Wendell Cox reports that the latest data show that there are "Shorter commutes in American Suburbs and Exurbs". He means in terms of travel time, the only thing that matters. This has been known for some time but is apparently counter-intuitive to many. The old Costs of Sprawl notion still lives: spread out cities must mean longer trips -- and more uncompensated externalities. This must mean that central planning ("Smart Growth") is needed -- and will somehow make things better. Anything goes.
But think for a minute. Cities (metropolitan areas) compete for labor and capital. They must provide settings that are attractive. Locators (labor and capital) evaluate sites, contemplate many trade-offs (everyone considers commute times and access to a variety of destinations) and bid for space accordingly. Markets are always there and do not tolerate unsustainable (that word) waste.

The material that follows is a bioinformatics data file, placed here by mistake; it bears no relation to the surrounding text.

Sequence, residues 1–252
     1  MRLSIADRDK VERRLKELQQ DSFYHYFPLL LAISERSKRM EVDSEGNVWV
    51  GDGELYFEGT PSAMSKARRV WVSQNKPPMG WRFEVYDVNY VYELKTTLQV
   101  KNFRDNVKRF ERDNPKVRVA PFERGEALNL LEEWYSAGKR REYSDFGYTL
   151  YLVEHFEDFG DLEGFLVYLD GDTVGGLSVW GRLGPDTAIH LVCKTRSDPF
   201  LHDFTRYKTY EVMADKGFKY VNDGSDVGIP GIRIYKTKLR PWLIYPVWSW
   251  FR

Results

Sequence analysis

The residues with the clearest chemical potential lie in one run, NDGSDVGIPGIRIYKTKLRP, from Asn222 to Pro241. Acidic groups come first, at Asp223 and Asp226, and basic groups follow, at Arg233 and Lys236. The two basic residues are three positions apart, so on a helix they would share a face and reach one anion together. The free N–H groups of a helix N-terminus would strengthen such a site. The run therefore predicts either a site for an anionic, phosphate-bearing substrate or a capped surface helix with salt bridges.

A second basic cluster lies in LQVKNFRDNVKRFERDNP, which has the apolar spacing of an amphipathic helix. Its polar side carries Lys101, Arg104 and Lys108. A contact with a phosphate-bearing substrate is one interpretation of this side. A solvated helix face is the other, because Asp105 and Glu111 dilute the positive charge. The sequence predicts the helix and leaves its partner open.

Yes, markets also internalize many externalities. Location choice means that, among other things, locators look at local external costs and benefits.
As in all other areas (watch Cleveland this week), dumb ideas stick around. They do not stay around forever but often a very long time.